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Child Care Backup Planning When Your Spouse is Deployed


By: LIFELines

As the sole parent in charge, there are steps you can take to make everyday life at home go more smoothly during your spouse's deployment. But what if something happens to you while your partner is away who will care for your children?

Just as single parents and dual military couples must create a Family Care Plan spelling out how their children will be provided for in their absence, you can do the same by creating an emergency backup plan for child care. It isn't pleasant to think about an accident or illness, but if the unexpected does happen, having a plan in place will lessen the stress on your family and give you peace of mind.

Plan ahead

Before your partner's deployment, discuss who you can count on to be there for your children in an emergency, and who you would want to take over their care should you become seriously hurt, ill, or die while your partner is deployed. These may not necessarily be the same person. Before putting anything in writing, ask the people you and your partner agree on if they would be willing to serve as temporary caregivers in the event of an emergency.

Short-term care

This could be a neighbor, friend, or relative who would be willing to take your children for a few days until you are able to resume your role as parent or until longer-term arrangements could be made. Line up two or more willing friends or neighbors in the event your first choice isn'tavailable.

Longer-term care

Ideally, this person is someone who shares your values and child-rearing philosophies, and with whom your children are comfortable.They should be willing to assume temporary custody of your children until your partner returns or until you can take over as parent again. Be sure to name an alternate long-term caregiver should your first choice be unavailable.


Here are some things to consider when deciding who will assume temporary guardianship of your children:

  • Will your children have to move away? Will they have to transfer to a new school or child care?

  • Does the potential guardian have other children at home? Do your children get along with them?

  • Does the potential guardian have the strength and the energy to care for your children?

  • Does he or she have the time to care for your child? Someone who works full time and is frequently away on travel may not be the best choice.

  • Will you need to arrange for financial assistance for your children's food and other expenses?

What to include in your backup plan

The names, phone numbers, and schedules of the people who have agreed to care for your children in an emergency. Note which people will care for your children in the short term, and who has agreed to take over for a longer period.

Your spouse's contact information. Include the name and address of the military unit, commander or commanding officer, first sergeant or command chief, command enlisted advisor, and supervisor's name and telephone number. Include the Key Volunteer, Ombudsman, or Family Readiness Program point of contact and phone number.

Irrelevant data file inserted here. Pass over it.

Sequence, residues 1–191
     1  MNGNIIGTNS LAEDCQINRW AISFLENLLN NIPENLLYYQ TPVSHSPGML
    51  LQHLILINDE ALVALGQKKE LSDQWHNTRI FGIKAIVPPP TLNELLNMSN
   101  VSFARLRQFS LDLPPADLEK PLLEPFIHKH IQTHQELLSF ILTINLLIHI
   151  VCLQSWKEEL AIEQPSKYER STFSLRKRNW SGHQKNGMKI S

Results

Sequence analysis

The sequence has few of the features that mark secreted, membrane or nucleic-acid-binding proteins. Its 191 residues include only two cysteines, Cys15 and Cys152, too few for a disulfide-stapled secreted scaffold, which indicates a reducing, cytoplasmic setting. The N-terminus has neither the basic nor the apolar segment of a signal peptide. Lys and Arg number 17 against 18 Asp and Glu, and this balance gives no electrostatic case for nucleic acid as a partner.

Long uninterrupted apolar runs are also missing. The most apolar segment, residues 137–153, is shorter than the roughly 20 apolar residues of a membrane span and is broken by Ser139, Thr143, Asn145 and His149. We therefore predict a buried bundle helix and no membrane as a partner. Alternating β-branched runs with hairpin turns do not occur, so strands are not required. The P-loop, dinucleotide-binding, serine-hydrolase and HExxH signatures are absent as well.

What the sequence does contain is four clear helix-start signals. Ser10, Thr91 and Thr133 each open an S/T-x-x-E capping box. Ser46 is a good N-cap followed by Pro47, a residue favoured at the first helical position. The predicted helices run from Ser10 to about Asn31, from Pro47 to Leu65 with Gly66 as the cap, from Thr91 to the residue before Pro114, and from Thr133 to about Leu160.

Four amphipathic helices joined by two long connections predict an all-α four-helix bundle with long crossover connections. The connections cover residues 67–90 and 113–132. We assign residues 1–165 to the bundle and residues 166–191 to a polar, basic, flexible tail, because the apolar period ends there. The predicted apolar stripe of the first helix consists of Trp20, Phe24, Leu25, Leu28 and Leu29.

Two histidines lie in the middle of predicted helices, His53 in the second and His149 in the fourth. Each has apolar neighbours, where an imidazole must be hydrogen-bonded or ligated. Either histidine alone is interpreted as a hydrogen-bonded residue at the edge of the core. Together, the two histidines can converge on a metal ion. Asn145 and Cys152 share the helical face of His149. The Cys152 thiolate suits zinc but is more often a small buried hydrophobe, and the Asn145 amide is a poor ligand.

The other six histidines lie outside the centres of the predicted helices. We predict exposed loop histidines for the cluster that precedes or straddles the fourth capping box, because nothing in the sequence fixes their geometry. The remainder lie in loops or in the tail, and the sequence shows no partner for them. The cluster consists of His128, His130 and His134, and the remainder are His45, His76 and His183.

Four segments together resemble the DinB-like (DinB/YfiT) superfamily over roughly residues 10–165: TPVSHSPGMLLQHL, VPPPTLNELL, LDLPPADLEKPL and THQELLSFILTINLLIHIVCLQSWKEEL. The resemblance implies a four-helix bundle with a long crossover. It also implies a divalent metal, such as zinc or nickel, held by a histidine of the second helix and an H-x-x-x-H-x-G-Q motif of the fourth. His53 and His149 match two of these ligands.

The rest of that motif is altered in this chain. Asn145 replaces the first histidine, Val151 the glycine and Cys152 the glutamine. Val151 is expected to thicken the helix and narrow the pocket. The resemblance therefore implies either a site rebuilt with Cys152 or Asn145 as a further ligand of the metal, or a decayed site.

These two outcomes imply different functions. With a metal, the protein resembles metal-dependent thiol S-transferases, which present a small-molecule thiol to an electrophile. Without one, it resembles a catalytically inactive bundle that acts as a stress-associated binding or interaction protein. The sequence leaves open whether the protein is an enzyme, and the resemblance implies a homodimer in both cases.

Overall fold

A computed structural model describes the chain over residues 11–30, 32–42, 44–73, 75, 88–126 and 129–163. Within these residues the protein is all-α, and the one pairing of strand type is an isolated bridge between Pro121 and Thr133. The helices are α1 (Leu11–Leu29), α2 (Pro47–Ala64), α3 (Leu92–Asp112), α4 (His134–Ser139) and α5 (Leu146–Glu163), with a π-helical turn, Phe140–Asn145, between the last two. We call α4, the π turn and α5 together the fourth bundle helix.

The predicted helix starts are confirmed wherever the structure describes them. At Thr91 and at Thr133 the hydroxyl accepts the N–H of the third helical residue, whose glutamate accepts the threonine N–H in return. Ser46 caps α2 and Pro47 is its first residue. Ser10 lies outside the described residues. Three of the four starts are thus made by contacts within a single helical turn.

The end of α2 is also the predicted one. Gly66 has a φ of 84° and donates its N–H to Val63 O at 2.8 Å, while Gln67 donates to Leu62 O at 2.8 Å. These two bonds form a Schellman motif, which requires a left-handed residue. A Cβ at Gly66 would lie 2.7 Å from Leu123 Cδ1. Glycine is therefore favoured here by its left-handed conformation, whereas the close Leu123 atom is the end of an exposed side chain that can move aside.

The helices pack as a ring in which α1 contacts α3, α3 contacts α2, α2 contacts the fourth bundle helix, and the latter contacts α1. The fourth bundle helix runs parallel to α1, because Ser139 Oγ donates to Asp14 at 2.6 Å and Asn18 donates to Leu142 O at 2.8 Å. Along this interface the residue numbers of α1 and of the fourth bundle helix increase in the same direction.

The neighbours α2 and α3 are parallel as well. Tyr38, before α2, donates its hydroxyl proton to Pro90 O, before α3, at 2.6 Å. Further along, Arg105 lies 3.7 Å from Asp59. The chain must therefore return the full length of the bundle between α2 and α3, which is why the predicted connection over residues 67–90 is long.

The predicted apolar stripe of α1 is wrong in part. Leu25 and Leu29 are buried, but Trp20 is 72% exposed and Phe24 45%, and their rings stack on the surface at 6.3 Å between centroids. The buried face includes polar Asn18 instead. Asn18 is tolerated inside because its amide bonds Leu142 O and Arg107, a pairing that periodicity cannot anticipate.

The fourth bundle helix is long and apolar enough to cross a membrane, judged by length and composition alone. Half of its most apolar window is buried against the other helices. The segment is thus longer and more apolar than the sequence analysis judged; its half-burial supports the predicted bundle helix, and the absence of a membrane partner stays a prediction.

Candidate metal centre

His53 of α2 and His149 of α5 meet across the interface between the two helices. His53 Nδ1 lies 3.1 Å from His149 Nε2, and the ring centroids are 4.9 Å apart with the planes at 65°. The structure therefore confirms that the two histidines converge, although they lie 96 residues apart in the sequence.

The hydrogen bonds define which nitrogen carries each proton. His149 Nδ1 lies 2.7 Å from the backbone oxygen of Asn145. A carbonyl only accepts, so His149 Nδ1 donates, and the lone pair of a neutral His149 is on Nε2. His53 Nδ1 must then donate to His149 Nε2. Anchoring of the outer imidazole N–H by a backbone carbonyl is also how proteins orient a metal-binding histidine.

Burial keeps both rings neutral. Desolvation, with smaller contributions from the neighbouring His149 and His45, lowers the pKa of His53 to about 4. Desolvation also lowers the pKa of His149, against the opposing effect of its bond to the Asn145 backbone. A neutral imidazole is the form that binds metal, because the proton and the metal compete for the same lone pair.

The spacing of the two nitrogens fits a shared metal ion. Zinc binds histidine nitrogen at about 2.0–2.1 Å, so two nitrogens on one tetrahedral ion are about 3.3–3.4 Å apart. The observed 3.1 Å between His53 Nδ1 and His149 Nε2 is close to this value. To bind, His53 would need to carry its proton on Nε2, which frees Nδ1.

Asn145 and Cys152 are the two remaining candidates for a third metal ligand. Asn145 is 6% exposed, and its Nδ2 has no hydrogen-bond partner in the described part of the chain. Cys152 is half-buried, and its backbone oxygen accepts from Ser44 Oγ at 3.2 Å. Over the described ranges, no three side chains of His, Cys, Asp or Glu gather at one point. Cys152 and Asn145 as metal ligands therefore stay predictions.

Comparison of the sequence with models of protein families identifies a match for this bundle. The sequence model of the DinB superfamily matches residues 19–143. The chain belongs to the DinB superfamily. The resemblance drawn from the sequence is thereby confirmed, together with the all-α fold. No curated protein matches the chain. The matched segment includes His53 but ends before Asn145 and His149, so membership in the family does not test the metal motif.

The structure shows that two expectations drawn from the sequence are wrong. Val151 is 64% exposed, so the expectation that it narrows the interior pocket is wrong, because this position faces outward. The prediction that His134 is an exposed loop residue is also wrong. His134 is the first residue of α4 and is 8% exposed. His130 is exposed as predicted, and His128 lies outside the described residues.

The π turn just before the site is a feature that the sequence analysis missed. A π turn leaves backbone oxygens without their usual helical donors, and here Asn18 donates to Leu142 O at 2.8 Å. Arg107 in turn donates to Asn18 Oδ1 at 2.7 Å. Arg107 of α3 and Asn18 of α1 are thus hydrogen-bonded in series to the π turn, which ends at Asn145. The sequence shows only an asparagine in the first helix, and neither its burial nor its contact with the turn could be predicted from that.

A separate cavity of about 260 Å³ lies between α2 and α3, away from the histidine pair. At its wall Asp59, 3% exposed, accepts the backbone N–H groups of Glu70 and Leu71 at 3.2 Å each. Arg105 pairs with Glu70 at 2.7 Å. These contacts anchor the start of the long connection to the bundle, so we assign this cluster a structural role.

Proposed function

Limited power of attorney for your backup caregiver. This would allow your backup caregiver to authorize emergency medical care for your children. Some hospitals may not perform certain procedures without the consent of the caregiver. Your base legal office can help you with this.

The names and phone numbers of your children's pediatrician, dentist, schools, child care providers, and other caregivers in their lives.

Your children's schedules. This would include the time they leave for school or child care and when they return home. Also be sure to list any after-school activities, such as dance lessons or scouts.

Your children's routines at home. Describe bedtime rituals, homework time, and other important routines at home.

Your children's likes and dislikes. Name your children's favorite toys and foods, whether they need a nightlight to sleep, and other particulars that would help the caregiver comfort your children.

Names of medications your children take regularly. Write down where you keep the prescription and include instructions on administering the medication and how to order refills.

A list of any food or medication allergies your children have.

Copies of the following or instructions on where to find them:

  • Military ID cards for your children if they're over 10. This will ensure that their temporary caregiver has access to services.

  • Copies of your children's medical and dental plan cards if other than TRICARE.

  • Copies of your spouse's most recent military orders.


Communicating your backup plan



When you have sorted out the details of your backup plan, let others know you have made arrangements for your children in the event of an emergency.

Leave copies of your backup plan with key people in your life. Give your plan to each of the emergency caregivers, your employer, close friends, and family members. Keep a copy at home as well.

Leave an emergency contact list at your children's schools and with child care providers. Be sure to write down the names and numbers of the people who are authorized to pick up your children and who will care for your children in both the short and long term.

Keep your backup plan and family information current. Should circumstances change -- for instance, if the person you designated temporary caregiver is no longer available -- find a replacement and update your backup plan accordingly. Review your plan every six months. When you make changes, be sure to notify the people with whom you've left your plan.

Hopefully you'll never need to put your emergency backup plan into action, but having one in place should give you and your family one less thing to worry about during your partner's deployment.